21 Millimeters

  1. A Witch In Jerusalem, 2014


  2. Drama Ramallah, 2014


  3. Wildfire somewhere in Australia, 2006


  4. A boy at the night market in Darwin

    Australia, October 2006


  5. This is Odday, a Syrian refugee living in the Zaatari Camp in Jordan.

    Me and a colleague crowdfunded studies in Germany for him. He will fly here in 10 days.


  6. Fouad the Welder, Zaatari Refugee Camp 2013



  7. body-rites:


    KZ-Nummer als Tattoo
    von Rico Grimm 
    157622. Das ist die Nummer auf Eli Sagirs Unterarm – dieselbe, die ihrem Großvater im Konzentrationslager gestochen wurde. Junge Israelis wollen durch solche Tätowierungen an das Schicksal ihrer Familien erinnern. Und provozieren damit viele im Land.

    Eigentlich sind Tattoos nach jüdischem Glauben verboten – der Mensch sei das Ebenbild Gottes, sein Körper dürfe nicht entweiht werden mit „geätzter Schrift“. Daran halten sich natürlich nicht alle. In Israel gibt es wie in jedem Land Tattoo-Studios und eine lebhafte Szene. Aber das alte religiöse Gesetz macht Tattoos etwas seltener, etwas außergewöhnlicher als in Deutschland – und eine Nummer auf dem Unterarm junger Mädchen wie Eli Sagir erst recht.

    Sie ist nicht die Einzige, die sich ein Holocaust-Tattoo stechen lassen hat; ein Dutzend ungefähr gibt es in Israel. Die Träger eint, dass sie Mitte 20 sind und die Erinnerungen an ihre Großeltern nicht verlieren wollen; durch die Tätowierung können sie das auch nicht mehr.

    „Ich bin ein reicher Mann“, hat der Großvater immer gesagt. „Nicht reich an Geld, aber schaut mein Leben an: reich an allem anderen.“ Eli Sagir sagt: „Ich könnte ein Bild von ihm bei mir tragen, ein bestimmtes Armband vielleicht, aber diese Dinge kann man alle ablegen. Dieses Tattoo bin ich.“ 

    Aus: Frankfurter Rundschau, 3. Febr. 2013


  8. Zaatari Refugee Camp, Jordan, September 2013



  9. Grandma, Amsterdam, September 2013



  10. Jerusalem, Spring 2013

    When the beards get longer, the hats weirder, the guns bigger, the domes more golden and the ailes more narrow, when the trams get too crowded, your roomies french, the politics more complicated, the stones whiter, the hill slopes smoother, the cabbies more rude and the sky clearer - then you know that you are in Jerusalem again. Hello!


  11. Uwe Behrens, Homicide Detective, Berlin, August 2013


  12. John Dyke, an Australian singer who became a culture ambassador for Germany, Berlin, August 2013

    Read more about him here


  13. Pallasseum, Berlin, Juni 2013


  14. Gunter, A German Cook In Iraq, April 2013

    This is Gunter, he owns a German restaurant in Iraq, in Erbil, the capital of the semi-autonomous region of Kurdistan. Ordering a beer in his restaurant was a small home-coming for me. Because the beer was brewed 10km away from where I grew up. The food Gunter cooked was the same my grandma always prepared for me. Gunter comes from a small town in Thuriniga, in the middle of Germany. Him owning a restaurant in Iraq was not a propect he could have fathomed some 25 years earlier. It was the fall of 1989 when he went for “a walk” and demanded freedom of movement, when he demonstrated against the government of the German Democratic Republic. In a childish move of vengeance this government enlisted him for military service. A couple of weeks later the Wall came down and the East-German forces were reunited with their West-German counterparts. Gunter stayed in the army and did what he had learned. He cooked. In Bosnia, in Kosovo, in Kabul. It was in the Afghan capital that he opened his first restaurant in 2003. Times were good at that time in Afghanistan. Everybody was optimistic, Gunter recalls. With every bomb attack this optimism vanished further, making him closing his restaurant in the process. 30.000 Euros were lost. He started again in Iraq. Same story here: many Internationals, optimism, no competition. This time it worked. Gunter wants to open his next restaurant on the island of Sri Lanka. When I was asking Gunter what he thinks of Germany, if he would go back, he replied: “What could I possibly want there?”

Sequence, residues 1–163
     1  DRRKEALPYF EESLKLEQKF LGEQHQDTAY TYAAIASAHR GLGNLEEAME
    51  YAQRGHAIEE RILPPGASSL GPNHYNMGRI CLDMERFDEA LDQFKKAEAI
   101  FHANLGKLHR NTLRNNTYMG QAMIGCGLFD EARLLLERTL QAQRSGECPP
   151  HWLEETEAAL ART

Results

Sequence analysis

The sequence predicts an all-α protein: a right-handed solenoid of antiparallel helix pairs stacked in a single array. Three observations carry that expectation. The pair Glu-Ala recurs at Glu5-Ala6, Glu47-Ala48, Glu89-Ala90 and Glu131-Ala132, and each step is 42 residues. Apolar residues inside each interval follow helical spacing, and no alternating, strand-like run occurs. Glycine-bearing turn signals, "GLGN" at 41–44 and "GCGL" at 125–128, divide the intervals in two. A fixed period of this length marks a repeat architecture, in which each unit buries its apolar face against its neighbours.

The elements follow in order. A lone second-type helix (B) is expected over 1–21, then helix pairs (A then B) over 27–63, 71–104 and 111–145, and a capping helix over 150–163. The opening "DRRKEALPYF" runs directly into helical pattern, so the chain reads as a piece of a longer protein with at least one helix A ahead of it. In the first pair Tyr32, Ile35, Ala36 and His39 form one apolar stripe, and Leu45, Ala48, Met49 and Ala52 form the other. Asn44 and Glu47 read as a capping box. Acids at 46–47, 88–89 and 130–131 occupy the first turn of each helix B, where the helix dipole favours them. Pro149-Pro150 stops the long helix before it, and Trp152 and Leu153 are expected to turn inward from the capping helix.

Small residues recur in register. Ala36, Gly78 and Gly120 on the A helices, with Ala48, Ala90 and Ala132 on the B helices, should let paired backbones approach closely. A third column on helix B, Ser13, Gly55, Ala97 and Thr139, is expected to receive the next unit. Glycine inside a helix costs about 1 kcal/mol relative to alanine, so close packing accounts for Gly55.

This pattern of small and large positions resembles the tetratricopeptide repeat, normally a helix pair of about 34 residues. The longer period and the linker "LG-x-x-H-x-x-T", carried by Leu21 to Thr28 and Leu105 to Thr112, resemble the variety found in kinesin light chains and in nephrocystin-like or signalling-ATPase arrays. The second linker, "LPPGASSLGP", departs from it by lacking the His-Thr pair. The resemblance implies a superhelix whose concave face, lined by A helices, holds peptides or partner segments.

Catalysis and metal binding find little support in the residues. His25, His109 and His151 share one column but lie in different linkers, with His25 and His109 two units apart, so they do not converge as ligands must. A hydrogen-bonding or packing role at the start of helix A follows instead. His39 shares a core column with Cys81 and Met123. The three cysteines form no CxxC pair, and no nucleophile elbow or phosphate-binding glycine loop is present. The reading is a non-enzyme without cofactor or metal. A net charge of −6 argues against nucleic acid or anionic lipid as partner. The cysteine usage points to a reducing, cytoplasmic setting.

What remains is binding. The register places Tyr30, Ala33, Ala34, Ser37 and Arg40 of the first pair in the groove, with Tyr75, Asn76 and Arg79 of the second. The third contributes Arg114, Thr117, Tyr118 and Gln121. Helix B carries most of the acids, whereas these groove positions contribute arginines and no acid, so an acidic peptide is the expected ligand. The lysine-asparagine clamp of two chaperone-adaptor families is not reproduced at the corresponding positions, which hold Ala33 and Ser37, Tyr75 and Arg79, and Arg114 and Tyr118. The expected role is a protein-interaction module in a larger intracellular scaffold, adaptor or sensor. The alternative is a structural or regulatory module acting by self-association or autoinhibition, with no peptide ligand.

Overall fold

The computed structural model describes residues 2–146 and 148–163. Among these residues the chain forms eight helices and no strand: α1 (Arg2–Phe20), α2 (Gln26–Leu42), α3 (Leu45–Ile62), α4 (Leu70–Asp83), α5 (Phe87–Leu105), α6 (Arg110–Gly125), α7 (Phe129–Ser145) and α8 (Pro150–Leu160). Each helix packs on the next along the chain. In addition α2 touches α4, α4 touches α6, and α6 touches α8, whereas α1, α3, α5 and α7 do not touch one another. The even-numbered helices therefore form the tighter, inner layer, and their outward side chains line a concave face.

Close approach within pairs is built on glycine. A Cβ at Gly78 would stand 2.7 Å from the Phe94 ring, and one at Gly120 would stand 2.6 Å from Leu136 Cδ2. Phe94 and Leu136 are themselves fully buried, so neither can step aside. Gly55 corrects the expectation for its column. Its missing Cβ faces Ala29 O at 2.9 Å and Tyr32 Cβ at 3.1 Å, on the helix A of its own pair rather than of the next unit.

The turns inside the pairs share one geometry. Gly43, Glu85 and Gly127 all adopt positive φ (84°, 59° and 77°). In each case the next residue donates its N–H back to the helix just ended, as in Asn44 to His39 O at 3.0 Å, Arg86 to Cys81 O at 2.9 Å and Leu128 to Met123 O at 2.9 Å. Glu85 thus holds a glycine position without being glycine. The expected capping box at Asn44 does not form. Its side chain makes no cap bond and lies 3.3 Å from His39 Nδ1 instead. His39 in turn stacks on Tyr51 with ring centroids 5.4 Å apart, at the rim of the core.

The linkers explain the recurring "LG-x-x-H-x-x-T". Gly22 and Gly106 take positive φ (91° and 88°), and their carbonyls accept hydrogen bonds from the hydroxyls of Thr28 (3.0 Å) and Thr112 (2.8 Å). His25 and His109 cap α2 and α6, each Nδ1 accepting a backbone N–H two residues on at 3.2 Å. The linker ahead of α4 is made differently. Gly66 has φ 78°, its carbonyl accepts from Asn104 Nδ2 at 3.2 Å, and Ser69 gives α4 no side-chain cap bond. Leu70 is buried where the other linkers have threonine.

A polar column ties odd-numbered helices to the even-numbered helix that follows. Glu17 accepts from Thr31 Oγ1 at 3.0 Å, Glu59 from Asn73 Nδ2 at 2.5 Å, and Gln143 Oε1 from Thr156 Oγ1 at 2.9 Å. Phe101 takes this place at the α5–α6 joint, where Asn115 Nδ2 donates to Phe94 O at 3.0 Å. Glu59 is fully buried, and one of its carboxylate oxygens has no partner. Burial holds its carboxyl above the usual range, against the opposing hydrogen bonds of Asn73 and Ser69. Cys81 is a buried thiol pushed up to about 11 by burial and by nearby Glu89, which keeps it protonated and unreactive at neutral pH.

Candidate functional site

15. An Iranian dissident in his room, June 2013, Berlin

    This is Hesam Misaghi, a 25-year old Iranian. Other Iranians are electing a new president today. He lives and soon studies in Berlin and has not seen home since three years. He is a dissident, he took part in the so called “Green Movement” which almost toppled the Iranian regime four years ago. But only almost. 

    But the oppression started for Hesam even earlier - because he is a Bahai, a member of a religious group that the Iranian government dsicriminates against. Once, he was five year old, did he visit his grandparents. This happened (in his words):

    "The door bell rang and when my grandparents opened they saw two bearded guys who began to search the apartment. After they found the library of my grandpa they confiscated his books. My uncle had deposited his whole collection of Tin-Tin-comics there. My favourite adventure was Tintins Journey to the Moon and I had to watch helplessly how these bearded guys took away the comics. They were not stupid, they knew exactly that Tintin is harmless. But they liked them and they had the power to take them away. I was really sad."

    It started with comic books, in 2009 the police threatened to arrest him because he was a dissident blogger. They had already jailed seven of his friends. Hesam had to flee.